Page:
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Health/beauty Products

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I'm trying to check all my health and beauty products for possible gluten. I've seen a long list of ingredients somewhere that are not safe, but I can't seem to find it now. Does anyone know where I can find that list? Don't know if it was on this site or another one. It was a very long list of chemical names you find on shampoo etc. I don't see what I'm looking for in the info for newbies.

I've made a list of all my products, and finally have the courage to check them all, but I'm having brain fog and not getting anywhere after lots of searching.

Also I've seen a list of safe products, but can't find that either.

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Hi Sara, I have thought it's about time I checked this out too. But I've not been able to find a list, either... Will keep searching

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I know that there are a lot of posts on here to the contrary, and that doctors are sometimes wrong, but every scientific source I've read indicates that gluten must be ingested for it to cause a problem. So items applied to the lips may cause a reaction, but nearly any other healthy and beauty item should be safe.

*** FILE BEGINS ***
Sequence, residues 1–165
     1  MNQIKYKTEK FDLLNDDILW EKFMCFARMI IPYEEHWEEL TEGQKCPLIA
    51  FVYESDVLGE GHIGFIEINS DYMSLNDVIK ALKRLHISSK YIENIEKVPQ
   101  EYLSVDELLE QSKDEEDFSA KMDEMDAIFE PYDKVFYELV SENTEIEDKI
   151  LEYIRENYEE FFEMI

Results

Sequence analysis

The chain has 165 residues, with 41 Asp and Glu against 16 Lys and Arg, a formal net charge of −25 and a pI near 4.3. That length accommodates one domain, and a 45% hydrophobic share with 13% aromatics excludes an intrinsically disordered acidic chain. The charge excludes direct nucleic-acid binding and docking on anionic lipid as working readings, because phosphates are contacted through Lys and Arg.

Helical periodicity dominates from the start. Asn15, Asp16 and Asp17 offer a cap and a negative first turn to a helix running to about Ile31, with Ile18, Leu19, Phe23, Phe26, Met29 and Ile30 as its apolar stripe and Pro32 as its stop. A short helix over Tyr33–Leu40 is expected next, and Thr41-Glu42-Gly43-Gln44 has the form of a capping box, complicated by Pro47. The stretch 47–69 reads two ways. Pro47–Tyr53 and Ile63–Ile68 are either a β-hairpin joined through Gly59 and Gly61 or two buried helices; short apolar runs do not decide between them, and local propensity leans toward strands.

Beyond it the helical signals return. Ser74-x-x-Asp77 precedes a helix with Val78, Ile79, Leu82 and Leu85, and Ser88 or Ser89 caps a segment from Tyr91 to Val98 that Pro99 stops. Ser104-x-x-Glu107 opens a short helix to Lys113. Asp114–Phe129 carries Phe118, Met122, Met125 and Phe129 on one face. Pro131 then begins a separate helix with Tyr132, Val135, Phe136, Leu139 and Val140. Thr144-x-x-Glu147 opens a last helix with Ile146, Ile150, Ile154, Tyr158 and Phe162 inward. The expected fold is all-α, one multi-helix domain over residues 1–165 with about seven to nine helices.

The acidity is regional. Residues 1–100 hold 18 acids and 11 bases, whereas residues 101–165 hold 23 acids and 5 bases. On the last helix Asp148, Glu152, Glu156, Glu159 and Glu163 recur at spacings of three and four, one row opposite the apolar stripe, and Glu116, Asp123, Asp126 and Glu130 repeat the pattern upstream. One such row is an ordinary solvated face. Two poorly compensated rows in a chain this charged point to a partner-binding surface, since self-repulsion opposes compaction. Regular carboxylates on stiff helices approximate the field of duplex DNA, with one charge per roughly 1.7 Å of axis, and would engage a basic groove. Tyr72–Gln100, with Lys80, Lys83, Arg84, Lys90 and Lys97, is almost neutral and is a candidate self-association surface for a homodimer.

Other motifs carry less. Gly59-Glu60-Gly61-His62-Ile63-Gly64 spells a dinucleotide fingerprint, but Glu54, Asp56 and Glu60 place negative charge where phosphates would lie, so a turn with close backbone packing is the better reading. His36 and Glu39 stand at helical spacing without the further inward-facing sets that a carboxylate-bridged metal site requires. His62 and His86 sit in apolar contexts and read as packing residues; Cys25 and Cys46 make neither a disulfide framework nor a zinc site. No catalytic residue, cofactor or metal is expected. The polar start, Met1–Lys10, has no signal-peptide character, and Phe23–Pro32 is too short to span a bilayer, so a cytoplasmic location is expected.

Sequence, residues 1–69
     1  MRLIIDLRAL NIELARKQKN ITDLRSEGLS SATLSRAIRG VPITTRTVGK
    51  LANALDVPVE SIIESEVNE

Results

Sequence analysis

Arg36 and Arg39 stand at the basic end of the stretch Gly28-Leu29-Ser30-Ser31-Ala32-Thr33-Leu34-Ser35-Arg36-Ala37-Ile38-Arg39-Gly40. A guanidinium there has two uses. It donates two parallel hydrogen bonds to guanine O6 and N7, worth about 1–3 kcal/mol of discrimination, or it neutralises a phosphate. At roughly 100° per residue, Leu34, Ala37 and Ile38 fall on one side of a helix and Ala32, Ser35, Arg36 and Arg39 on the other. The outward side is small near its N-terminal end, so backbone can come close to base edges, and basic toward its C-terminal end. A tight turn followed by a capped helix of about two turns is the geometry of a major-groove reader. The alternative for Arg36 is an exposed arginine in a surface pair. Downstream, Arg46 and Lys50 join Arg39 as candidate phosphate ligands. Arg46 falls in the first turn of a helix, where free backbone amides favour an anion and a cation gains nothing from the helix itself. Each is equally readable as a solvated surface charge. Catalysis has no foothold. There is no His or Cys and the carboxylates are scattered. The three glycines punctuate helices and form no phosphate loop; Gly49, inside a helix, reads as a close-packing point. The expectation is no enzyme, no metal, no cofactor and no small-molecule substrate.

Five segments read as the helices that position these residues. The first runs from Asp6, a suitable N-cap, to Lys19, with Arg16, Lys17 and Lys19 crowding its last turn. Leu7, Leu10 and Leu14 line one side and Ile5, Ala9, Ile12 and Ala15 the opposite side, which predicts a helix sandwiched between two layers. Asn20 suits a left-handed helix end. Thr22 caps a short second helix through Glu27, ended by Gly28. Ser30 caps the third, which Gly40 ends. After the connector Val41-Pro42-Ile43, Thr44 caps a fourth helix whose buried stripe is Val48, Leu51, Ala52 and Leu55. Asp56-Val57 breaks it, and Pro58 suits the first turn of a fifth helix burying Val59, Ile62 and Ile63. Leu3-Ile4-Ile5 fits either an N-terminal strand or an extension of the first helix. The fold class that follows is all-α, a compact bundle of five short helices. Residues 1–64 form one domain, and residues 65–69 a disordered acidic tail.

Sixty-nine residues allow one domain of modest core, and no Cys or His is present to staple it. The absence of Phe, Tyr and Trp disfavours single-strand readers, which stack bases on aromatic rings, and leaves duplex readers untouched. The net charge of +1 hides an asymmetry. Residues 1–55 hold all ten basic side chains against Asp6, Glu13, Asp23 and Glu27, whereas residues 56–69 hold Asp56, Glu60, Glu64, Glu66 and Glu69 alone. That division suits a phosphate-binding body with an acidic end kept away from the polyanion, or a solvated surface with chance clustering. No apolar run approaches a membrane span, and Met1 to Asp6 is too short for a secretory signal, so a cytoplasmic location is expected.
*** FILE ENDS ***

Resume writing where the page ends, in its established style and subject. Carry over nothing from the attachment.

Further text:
If anyone has a medical source stating otherwise, I'd be interested to see it.

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Products change, so you always need to read labels. It seems beauty products change more than food products, but that's my personal observation.

As far as a study regarding beauty products and gluten and Celiac I dont know of one.

I think the presumption that a beauty product WON'T be ingested is silly. Anything that gets on your hands - lotion, or drips into your mouth (or even eyes) - shampoo, conditioner, could potentially cause a reaction. As could an aerosol through inhalation - hair spray with wheat germ oil?

Some people also have skin type allergic reactions to gluten, which is different, but still apparently prevalent.

Personally, I developed swollen eyes after 2 months gluten-free from eye and face cream that contained gluten. I had used those creams for YEARS without a problem. Since then, I've screened all beauty products for gluten.

Something different works for everyone, but just consider how likely you are to transfer something onto your mucous membranes before you buy it.

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